Tuesday, September 21, 2010

Soler - 6 Concertos for 2 Keyboards - Gilbert, Pinnock


  • Release Date: 1996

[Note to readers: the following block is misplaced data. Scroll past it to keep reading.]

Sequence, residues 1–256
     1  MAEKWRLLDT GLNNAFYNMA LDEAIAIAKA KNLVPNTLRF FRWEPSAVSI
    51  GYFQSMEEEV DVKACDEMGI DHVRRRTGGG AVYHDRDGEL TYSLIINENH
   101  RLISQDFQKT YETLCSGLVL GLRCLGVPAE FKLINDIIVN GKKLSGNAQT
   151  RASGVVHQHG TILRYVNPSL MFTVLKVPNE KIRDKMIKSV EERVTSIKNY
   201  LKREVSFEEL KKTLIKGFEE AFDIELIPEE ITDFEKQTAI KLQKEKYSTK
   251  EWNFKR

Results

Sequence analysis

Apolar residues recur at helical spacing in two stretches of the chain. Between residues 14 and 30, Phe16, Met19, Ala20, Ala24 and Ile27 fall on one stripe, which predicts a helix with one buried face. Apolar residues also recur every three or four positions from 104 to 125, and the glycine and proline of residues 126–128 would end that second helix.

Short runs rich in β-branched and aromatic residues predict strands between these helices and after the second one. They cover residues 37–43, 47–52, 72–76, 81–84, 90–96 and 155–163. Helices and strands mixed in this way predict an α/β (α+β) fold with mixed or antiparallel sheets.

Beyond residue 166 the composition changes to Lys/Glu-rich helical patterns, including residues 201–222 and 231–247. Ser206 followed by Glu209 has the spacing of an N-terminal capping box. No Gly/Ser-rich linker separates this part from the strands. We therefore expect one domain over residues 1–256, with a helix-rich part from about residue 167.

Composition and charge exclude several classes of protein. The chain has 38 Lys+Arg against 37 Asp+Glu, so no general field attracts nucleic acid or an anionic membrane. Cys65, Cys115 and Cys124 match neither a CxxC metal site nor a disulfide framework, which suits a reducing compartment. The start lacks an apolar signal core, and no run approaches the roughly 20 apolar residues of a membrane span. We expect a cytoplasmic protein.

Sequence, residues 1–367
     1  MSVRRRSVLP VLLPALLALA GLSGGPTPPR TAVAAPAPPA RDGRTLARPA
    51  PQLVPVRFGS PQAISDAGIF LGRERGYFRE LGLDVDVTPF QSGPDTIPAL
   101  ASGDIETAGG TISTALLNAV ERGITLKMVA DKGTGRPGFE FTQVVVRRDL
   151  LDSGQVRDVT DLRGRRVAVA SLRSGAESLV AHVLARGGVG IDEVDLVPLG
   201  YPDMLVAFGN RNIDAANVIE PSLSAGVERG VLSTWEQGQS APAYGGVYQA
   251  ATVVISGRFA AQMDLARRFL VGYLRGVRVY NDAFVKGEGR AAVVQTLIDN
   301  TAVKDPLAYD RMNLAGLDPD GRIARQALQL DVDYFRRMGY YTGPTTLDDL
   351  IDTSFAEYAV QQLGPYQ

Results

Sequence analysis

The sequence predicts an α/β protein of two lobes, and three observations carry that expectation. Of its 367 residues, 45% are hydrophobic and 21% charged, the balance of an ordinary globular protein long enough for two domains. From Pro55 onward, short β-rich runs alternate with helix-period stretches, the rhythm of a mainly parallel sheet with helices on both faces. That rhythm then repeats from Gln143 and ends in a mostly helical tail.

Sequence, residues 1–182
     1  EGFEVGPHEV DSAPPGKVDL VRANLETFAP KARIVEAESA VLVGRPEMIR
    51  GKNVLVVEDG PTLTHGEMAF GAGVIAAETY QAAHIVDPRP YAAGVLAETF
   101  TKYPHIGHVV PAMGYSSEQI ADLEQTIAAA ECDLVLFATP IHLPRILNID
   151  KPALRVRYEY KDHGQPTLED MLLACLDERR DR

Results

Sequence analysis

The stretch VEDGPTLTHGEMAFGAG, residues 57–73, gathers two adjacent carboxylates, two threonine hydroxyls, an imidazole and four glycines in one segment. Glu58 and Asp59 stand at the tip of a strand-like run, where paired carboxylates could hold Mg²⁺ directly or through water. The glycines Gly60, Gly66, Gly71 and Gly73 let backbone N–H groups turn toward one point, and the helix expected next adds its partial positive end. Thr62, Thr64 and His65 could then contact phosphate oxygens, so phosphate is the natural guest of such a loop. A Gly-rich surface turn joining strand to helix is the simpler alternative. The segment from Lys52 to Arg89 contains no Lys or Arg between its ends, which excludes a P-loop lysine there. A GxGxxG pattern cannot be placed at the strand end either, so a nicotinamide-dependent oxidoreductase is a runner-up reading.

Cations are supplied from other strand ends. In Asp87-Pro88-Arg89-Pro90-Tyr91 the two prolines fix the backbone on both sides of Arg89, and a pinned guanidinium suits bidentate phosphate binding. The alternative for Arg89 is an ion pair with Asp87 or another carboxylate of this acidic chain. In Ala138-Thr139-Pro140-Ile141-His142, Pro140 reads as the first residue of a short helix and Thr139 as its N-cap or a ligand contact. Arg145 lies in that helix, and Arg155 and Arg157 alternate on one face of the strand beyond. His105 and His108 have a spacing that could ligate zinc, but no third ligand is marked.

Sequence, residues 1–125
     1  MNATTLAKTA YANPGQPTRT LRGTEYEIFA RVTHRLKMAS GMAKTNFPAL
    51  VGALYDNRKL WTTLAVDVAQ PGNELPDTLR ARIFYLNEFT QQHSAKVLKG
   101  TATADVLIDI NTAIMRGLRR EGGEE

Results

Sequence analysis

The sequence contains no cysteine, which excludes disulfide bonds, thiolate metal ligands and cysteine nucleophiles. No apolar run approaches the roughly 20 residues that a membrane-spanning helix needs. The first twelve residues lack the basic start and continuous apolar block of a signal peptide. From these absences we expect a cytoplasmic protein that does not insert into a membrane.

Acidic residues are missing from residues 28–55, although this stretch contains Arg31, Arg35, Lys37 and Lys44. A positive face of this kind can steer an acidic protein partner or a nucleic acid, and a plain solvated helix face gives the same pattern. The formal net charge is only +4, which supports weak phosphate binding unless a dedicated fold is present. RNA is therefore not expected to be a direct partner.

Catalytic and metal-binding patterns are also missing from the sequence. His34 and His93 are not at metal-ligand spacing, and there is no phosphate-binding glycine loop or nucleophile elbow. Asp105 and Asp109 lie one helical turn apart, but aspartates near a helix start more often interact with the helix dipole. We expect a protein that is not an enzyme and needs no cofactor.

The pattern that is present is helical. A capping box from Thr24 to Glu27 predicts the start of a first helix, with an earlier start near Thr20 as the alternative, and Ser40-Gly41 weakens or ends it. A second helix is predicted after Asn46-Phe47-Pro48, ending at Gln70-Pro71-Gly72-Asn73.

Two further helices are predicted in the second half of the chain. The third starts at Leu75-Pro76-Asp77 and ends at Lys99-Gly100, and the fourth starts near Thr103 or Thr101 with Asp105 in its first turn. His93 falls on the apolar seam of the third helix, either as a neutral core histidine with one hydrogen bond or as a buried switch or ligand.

Antonio Soler (1729-83) was educated in the Benedictine Monastery of Montserrat near Barcelona and became a monk. This however did not prevent his working at the Spanish Court in Madrid with Domenico Scarlatti and teaching various members of the royal family. He had almost too much facility as a composer, as is apparent in the six so-called 'concertos' which fill the two sides of this record to the brim, but an individual charm surfaces from time to time. The surviving manuscript (which is not Soler's) describes them as for two organs, which seems unlikely, and they are here played on two very recent harpsichords by Clayson & Garrett "after Vincenzio Sodi, Florence, 1782" or on two forte pianos by Adlam Burnett "after Mathaeus Heilmann, Mainz, c.1785", admirable instruments all. All but one of the concertos is in two movements, the finales being minuets with variations and most of the first movements in galante binary form. Much of the music is very simple in content, almost as though the composer accepted that his audience would be talking through performances, as perhaps they did, and he hardly ever astonishes you as Scarlatti so often did. However No. 3 has a goodish first movement, there is a courtly grace about No. 4, the middle movement of No. 2 (the one with three movements) is positively passionate, and No. 6 starts with quite a racket though the surprise is short-lived. The music is played with unfailing skill and sympathy, and it has been very well recorded.—Gramophon


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